H.B. 56 honors underrecognized group that played an important role in the Vietnam War
JUNEAU – The Alaska House of Representatives on Monday passed legislation to establish May 15 as Hmong-American Veterans Day in recognition of the Hmong people who fought alongside the United States during the Vietnam War.

Beginning in the 1960s, the U.S. government recruited Hmong to help fight against communism. After the U.S. withdrawal from Vietnam, Hmong people became targets, and many were displaced from their home countries. There are an estimated 260,000 Hmong-Americans today, including approximately 3,500 in Alaska.

The U.S. government promised Hmong veterans citizenship and veteran status after the war, but it’s taken more than 50 years for them to receive what they were promised. Their important contributions have often been overlooked.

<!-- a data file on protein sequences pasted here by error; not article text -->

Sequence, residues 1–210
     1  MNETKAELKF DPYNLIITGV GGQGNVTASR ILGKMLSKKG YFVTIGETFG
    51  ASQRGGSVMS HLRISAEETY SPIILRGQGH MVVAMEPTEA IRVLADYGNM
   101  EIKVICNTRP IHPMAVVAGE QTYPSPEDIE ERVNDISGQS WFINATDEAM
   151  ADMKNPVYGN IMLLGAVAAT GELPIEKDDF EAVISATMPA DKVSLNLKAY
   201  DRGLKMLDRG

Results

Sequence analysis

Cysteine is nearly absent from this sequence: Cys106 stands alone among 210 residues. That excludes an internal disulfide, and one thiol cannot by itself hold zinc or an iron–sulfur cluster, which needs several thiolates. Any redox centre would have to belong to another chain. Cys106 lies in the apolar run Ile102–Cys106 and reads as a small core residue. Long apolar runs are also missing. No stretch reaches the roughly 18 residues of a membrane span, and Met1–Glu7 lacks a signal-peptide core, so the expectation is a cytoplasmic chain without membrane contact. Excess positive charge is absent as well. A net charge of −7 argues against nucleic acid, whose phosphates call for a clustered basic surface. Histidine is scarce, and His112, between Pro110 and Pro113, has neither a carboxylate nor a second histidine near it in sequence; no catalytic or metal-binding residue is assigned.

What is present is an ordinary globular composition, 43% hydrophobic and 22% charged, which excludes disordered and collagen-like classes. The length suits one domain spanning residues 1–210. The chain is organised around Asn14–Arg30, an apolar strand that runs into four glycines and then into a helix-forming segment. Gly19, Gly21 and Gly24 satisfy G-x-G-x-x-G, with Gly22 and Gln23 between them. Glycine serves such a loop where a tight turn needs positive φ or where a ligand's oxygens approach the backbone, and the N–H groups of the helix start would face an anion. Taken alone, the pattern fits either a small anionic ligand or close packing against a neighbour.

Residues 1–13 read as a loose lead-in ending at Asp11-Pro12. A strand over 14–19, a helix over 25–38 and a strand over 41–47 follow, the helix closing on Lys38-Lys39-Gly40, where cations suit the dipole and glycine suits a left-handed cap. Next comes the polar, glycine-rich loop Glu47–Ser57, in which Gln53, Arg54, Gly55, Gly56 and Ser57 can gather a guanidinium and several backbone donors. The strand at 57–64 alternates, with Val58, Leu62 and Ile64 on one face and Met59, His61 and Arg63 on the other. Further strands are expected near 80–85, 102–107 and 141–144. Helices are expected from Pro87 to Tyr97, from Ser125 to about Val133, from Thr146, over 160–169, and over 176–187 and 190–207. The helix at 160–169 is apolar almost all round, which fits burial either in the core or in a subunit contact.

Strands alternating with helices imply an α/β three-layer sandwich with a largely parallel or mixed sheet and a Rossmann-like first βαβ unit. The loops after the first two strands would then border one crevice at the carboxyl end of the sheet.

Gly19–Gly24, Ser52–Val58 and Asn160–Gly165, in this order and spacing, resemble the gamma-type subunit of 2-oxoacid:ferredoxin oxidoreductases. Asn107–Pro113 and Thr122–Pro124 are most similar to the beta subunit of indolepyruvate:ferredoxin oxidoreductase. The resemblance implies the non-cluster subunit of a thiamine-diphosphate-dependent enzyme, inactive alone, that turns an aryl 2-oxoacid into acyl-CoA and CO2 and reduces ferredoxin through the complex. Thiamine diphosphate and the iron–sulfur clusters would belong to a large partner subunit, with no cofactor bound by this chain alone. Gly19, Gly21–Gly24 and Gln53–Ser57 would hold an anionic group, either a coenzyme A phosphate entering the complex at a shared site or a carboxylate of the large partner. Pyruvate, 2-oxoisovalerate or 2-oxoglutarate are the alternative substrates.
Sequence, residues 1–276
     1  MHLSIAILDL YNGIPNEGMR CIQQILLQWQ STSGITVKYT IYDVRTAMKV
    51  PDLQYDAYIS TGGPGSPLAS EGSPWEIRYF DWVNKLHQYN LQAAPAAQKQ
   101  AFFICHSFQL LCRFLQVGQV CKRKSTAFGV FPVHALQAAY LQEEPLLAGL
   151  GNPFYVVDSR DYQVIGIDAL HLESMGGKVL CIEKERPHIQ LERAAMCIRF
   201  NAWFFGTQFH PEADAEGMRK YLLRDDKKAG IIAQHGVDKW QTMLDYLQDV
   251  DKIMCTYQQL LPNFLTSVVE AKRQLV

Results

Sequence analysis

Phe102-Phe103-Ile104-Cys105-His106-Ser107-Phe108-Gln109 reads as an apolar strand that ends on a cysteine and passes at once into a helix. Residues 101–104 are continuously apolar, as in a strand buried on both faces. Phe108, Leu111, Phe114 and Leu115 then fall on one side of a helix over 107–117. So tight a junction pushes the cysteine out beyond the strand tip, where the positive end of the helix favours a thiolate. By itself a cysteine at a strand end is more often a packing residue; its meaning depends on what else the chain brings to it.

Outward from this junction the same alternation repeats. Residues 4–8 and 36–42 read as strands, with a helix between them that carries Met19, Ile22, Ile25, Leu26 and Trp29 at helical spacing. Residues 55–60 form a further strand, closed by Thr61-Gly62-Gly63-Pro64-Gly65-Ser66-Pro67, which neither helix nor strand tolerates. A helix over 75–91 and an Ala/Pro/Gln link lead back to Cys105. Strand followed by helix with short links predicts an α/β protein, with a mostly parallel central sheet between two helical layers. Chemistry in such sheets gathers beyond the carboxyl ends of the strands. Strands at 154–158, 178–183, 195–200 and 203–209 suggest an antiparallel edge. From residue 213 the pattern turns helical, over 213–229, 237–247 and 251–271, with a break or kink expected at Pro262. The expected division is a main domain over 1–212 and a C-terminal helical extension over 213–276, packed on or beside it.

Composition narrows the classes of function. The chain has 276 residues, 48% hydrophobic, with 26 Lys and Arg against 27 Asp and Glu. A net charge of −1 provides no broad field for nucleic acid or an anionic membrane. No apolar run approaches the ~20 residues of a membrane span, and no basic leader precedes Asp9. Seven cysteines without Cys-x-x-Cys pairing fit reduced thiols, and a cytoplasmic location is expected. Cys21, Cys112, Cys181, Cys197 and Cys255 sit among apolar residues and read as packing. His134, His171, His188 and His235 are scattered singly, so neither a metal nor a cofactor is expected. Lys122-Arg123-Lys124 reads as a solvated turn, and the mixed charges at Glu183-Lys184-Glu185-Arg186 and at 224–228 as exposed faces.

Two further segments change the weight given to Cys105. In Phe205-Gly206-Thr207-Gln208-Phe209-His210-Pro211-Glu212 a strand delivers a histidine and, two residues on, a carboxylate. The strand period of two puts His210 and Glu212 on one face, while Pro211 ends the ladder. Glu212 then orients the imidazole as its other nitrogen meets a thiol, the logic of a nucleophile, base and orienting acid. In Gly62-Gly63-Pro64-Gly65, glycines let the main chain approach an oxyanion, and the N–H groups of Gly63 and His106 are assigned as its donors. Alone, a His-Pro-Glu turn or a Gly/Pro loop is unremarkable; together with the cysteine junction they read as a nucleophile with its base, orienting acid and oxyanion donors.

House Bill 56, sponsored by Rep. Geran Tarr, celebrates and honors the Hmong who were lost, acknowledges the sacrifices they made to this country, and brings pride to their families. The bill passed 38-to-1 and now moves to the Senate for consideration.

“On behalf of Hmong veterans in Alaska and their families, thank you to the House for their support of H.B. 56. I am proud, as are other Hmong veterans, of our service alongside American soldiers,” said Pasert Lee of Mountain View, who is a Hmong veteran. “This annual recognition will allow us an official acknowledgment of service.”

“Many in my generation have received tribute for our service, but this legislation is important as it makes sure Hmong veterans are also honored and recognized for their critical contributions,” said Rep. Laddie Shaw, a retired U.S. Navy SEAL who served in the Vietnam War.

“I was moved and honored that Representative Shaw would lend his words of support for H.B. 56. I thank all veterans for their service, and my colleagues for supporting this important bill,” Representative Tarr said.